On land, on water and in the asphalt pits
Harare Airport welcomes us as if a nuclear war has just begun: no soul to be found. This morning we flew from Ruckomechi Camp by turbo plane to the capital where we now, under the guidance of the pilot, walk to the exit. We’ve rarely seen an airport of a capital city that is so deserted. For the desk clerk of the car rental company it must be a big day: a customer! Travelers who rent a car in Harare, let alone Europeans, are unique. He takes all the time for the enormous administration work and personally guides us to the parking. “Sorry for the dust,” says the man with the tie. “It was washed this morning, but the wind is carrying a lot of sand.” We take a seat in an eclectic blue Japanese SUV and drive across wide avenues with little traffic to Armadale Lodge, a gem of a guesthouse from 1904 in a suburb of the city. It has been in the hands of the same family for three generations. In the evening chef Michael cooks us an excellent piece of chicken with coconut and we make open up a bottle of South African pinotage. For dessert some wise advice: leave early, just before dawn.
Harare is busy, later in the day it will take you two hours to get out of the city. And there we are the next morning, ready for 480 kilometres of African inland. Our little Japanese sloshes through the outskirts of Harare. We soon learn that at this hour red traffic lights are considered purely indicative, half of the minibuses (which operate here as privatised public transport) ignore them anyway. We drive straight through Harare and are confronted with the real black Africa. That means litter, wells like craters in the road surface, pedestrians who take the road as a footpath and a mass of people who are begging for a lift. That Africa fascinates many travelers and gets under their skin is obvious.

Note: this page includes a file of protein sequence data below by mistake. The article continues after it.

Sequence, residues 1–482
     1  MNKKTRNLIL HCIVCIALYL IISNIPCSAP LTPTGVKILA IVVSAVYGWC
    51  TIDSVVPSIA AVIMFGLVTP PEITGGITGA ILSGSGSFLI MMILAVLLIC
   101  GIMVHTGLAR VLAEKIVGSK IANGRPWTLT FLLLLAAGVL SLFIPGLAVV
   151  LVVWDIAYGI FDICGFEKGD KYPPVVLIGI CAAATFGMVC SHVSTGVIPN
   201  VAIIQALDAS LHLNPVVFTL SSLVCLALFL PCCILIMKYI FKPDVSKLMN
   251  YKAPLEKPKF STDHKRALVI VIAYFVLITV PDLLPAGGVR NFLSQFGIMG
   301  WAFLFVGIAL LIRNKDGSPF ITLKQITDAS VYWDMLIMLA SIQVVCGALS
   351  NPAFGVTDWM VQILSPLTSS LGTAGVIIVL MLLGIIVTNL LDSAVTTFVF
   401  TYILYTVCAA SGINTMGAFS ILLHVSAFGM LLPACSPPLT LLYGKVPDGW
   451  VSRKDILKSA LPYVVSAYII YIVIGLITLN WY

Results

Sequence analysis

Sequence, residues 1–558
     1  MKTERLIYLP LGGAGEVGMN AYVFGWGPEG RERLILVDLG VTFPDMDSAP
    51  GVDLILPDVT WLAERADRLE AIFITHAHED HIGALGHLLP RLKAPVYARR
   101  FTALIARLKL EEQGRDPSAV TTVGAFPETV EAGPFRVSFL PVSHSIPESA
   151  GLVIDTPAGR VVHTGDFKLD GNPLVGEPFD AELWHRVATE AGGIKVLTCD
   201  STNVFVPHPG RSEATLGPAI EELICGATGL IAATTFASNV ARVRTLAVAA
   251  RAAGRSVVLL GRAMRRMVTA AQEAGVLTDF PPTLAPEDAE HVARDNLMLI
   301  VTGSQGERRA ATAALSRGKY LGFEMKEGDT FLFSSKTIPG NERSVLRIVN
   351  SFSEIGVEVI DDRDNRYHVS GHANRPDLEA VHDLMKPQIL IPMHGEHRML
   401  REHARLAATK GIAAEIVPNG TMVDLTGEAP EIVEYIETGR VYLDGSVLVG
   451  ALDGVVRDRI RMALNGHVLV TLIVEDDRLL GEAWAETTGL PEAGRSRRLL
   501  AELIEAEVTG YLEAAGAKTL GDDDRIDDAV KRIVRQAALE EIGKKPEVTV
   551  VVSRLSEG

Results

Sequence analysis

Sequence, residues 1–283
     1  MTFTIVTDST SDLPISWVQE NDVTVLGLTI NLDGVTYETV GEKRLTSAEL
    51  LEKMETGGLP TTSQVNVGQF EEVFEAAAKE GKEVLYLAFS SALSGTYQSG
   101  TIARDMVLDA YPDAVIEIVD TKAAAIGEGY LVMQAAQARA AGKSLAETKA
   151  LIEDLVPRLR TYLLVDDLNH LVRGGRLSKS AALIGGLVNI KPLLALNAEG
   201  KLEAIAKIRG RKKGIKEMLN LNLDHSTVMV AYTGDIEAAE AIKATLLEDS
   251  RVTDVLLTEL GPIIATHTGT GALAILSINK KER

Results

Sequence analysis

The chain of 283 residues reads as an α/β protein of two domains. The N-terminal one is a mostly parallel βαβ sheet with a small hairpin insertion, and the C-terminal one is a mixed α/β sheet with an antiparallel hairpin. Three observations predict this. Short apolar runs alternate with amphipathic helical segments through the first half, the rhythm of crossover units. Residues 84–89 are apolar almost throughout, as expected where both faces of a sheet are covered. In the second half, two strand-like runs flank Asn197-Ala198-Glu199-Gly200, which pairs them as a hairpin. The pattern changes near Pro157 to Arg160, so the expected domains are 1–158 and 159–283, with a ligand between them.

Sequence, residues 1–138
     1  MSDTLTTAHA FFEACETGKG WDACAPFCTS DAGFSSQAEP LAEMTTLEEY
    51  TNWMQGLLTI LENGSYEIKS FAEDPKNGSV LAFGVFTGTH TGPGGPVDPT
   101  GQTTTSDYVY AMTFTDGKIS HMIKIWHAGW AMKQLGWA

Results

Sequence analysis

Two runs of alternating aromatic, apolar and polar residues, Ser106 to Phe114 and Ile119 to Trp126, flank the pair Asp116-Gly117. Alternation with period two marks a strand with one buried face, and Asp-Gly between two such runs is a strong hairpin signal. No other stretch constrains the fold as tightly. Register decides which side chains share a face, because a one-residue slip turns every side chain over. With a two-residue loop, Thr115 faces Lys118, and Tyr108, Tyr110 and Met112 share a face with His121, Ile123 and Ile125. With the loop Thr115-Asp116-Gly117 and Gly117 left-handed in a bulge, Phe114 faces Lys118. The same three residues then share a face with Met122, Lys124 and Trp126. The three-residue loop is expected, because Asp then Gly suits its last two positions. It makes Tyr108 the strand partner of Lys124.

But of course nothing is perfect all of the time. The continent also has its shadow sides, its poverty and decline. Downtown Harare is such a place, we conclude. We are therefore not unhappy that an hour later we are rolling through vast green hills away from chaos. A toll booth suddenly appears. “Two dollars”, the man says, the receipt already in hand. It seems like our ticket to peace, a babbling road through the countryside of Zimbabwe, where cows run free and children still play football in the street. Villages are still villages here, houses are huts, shops a corrugated iron loft brightened up by billboards of the world’s most drunk soft drinks.
An unexpected roadblock makes the eyebrows frown. In Africa, anything could happen. Soldiers and police are too happy to organise such roadblocks. Especially since the intentions are not always clear, we are not fans. ‘Police checkpoint’ is written on a large rusted board next to an empty oil barrel. The officer on duty is dressed in an old raincoat that is two sizes too large and has an oversized old military cap on his head. Fortunately, we cannot see any weapons. “How were things on the road”, he asks cryptically. And apparently we have to take that literally.
Of course, he had long seen that we are foreigners in a rental car, so he also knows that the vehicle papers are in order. Only a friendly chat remains. So he wants to know, among other things, whether there aren’t too many pits in the asphalt. When he asks us from which country we come, a smile appears on his weathered face. “Football… Eden Hazard… Fantastic… He is magic,” he suddenly calls out. As a farewell, he also has a message for us: “Make a lot of publicity for Zimbabwe, Sir. We can use every tourist! Have a nice day,” he says as he slaps gently on our roof with one hand, the signal that we can leave. We continue, smiling. “If we had asked for a selfie, he certainly would have agreed,” says Timo. We might not ever know.